Wow! I'm tired!
I've been up for little over an hour and I've checked and responded to e-mails, taken my husband to work, straightened up the kitchen, started laundry and fed the dogs.
I need a break already. A nap sounds great.
Oh wait, now I need to pay the bills, run some errands, go grocery shopping, dust, vacuum, pick up the house oh wait, I have to get this column done.
Wow! I'm really tired!
Is it me or is does everyone have days like this?
Lately, I seem to be having a lot of them. I can't seem to do what's already on my plate in what little time I have each day, yet I find myself adding to it all the time.
I'm anal in the way I sit down each day and make a list in my day planner, and then I put boxes next to each item so I can fill them in for a sense of accomplishment. Funny part is, that takes time, too. And don't even get me going about using colored pens!
I've noticed how much I'm getting to rely on my planner, too. Even my husband, Mark, relies on it.
"Hey, I need to call the doctor about making an appointment next Tuesday. Would you write that down for me?"
Our whole lives are in that book.
I don't know what I would ever do if I lost it, but I suspect men would have to eventually come and take me away in a straightjacket as I mumbled something like "No, no, I can't possibly go, it's not on my list of things to do today."
My friends make fun of me, but I keep trying to tell them how organized it keeps me.
Trouble is, the more I add, the less organized I am.
Something has to give, and unfortunately that something has been my memory. I suppose it's because I know if I do lose my mind, I can quickly gain it back with one glance at my planner.
"Oh yeah, that's who I am. I forgot."
My planner is my crutch -- my vice.
Some people have tobacco, some have alcohol, I have my day planner.
I rely on it for those menial tasks, too, like to take my pills or feed the dogs. I have to. I already have that little problem of going into a room to do one thing then getting sidetracked until I end up doing something completely unrelated. You know what I mean?
Let's say I need a fresh hand towel for the bathroom, so I walk to the hall closet, open the door and the first thing that catches my eye is the broom, so I pull it out and start sweeping the kitchen, but I forgot the dust pan.
Back to the closet.
This time I spy the toilet bowl cleaner, so I grab that, head to the bathroom and then I remember the hand towel.
Back to the closet.
The dust cloth is straight in my vision this time, so I start dusting the living room, working my way around the room to the entertainment center, down to the VCR where there are empty VCR boxes. I turn on the TV and hit "play" to make sure the right videocassette goes into the right box, and two hours later I'm sitting there sobbing over some romantic comedy I've seen a hundred times.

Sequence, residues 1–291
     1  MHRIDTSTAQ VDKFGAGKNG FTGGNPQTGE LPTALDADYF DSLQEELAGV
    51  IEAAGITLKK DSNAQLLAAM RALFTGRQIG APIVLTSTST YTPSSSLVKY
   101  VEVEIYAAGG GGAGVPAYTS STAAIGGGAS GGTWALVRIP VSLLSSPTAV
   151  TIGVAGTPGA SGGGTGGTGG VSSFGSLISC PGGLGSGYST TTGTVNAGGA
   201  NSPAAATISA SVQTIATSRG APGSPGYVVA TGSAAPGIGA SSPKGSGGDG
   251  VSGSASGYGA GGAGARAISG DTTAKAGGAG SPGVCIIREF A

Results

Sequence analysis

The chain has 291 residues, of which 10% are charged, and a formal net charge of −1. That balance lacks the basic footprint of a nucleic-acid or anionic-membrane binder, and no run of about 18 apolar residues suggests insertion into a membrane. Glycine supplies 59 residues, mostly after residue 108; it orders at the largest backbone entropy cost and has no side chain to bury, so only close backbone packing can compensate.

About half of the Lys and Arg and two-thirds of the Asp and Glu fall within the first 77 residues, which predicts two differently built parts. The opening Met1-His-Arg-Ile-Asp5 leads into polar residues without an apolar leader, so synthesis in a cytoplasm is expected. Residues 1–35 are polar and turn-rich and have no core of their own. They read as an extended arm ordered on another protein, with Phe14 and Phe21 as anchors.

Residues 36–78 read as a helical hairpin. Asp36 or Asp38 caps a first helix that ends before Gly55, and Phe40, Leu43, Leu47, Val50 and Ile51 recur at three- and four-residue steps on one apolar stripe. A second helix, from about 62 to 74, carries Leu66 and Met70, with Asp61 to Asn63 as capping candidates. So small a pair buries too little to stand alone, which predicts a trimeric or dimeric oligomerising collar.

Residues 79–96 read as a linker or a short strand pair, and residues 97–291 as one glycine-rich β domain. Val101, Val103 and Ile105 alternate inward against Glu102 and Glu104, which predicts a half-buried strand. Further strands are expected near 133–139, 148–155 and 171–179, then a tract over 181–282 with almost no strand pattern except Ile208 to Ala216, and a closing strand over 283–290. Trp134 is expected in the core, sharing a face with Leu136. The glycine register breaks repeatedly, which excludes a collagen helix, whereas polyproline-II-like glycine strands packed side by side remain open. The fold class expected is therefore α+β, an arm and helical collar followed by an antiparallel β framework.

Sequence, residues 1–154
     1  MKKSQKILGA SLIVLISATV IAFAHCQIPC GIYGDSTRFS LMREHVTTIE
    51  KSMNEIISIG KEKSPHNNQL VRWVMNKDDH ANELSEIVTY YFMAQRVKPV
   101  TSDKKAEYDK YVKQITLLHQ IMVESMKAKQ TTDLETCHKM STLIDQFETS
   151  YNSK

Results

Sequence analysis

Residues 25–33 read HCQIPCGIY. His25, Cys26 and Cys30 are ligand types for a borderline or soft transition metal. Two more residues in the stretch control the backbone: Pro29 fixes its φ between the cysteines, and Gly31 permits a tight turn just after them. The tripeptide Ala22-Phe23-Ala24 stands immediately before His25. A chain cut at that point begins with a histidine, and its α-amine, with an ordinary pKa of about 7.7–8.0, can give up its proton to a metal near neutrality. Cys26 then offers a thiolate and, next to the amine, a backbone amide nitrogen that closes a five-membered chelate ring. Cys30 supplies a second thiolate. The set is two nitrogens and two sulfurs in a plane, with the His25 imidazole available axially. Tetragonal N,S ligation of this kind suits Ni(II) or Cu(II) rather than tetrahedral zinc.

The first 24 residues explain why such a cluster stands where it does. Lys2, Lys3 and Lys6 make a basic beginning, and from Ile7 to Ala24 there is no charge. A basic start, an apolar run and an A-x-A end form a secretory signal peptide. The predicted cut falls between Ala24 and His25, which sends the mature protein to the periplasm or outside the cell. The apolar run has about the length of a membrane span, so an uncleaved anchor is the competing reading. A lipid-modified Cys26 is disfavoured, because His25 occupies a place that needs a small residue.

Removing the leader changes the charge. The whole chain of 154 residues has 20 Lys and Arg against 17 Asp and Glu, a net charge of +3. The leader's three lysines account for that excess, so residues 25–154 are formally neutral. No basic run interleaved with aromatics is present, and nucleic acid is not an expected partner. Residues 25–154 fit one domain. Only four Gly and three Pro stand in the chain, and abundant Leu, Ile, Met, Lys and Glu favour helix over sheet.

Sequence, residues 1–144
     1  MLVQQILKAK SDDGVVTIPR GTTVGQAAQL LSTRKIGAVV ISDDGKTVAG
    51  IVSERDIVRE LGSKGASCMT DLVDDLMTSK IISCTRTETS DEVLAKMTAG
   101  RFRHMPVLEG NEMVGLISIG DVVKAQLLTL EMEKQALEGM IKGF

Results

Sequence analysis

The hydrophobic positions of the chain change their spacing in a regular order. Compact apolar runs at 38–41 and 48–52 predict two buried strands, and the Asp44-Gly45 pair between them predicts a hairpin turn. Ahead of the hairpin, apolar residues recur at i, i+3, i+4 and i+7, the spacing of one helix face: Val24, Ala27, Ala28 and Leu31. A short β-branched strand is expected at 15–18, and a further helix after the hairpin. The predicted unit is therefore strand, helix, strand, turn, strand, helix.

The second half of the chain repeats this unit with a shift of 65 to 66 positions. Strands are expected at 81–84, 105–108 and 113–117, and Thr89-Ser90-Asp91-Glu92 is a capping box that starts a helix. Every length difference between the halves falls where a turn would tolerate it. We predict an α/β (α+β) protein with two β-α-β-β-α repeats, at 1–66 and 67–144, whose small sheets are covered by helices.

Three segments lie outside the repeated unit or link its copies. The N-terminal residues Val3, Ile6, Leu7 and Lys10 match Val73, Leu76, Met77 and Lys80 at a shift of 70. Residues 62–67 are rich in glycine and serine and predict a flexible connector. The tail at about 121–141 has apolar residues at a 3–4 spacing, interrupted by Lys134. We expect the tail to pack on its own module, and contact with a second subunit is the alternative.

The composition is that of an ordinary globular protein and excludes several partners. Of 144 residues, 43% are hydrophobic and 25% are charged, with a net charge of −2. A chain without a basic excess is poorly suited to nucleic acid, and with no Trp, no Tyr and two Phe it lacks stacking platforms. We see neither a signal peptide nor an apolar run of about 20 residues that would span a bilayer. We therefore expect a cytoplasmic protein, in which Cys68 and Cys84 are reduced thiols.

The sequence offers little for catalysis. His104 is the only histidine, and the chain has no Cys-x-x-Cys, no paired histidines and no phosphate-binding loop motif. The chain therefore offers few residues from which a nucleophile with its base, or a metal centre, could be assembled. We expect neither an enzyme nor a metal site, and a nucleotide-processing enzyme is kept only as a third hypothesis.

By now I've completely forgotten about the hand towel, that is until I go to the bathroom to get a tissue and wash my face.
Does that ever happen to you?
It's really bad when the lack of memory begins to show up at work.
I start a project, get interrupted and -- talk about sidetracked!
Reporters patiently sit at my desk while I try to make my way back to where they need me. Lately, more often than not, I don't quite make it.
"Uh, so do you need me to do the story or not?" I hear as I fumble through computer files not having a clue as to what I was looking for.
It just isn't pretty. Plus it's pretty difficult to have that authoritative look when you can't think about anything, except that caffeine would be a great thing to possess at that moment.
"Focus, focus, focus!" your brain shouts at you. "Try to look like you know what you're doing ... "
"Never mind. I'll go ask Lori," and the reporter is gone.
Yes, this is normal everyday life for me. So to make sure it becomes a pattern lifestyle, I continually add to the list.
As if working, taking care of the home and dogs weren't enough, I took up dog agility -- where I train my dogs to run an obstacle course. Then, as if that weren't enough, I became so addicted, going to trials on various weekends throughout the year, that I agreed to teach agility classes -- first one, then two, now three.
And if that leaves me time for leftovers, I found something to make sure there is just enough time for me to get between five and six hours of sleep each night: Mark and I have decided we should look for a new house -- you know, something to do in our spare time.
So what was I saying? Oops, just checked my planner and it says I need to get this column done so I can run some errands, pay some bills, go grocery shopping, dust, vacuum, pick up the house, teach my dog class Wow! I'm tired!
Dori Lynn Anderson is the assistant editor of the Peninsula Clarion.
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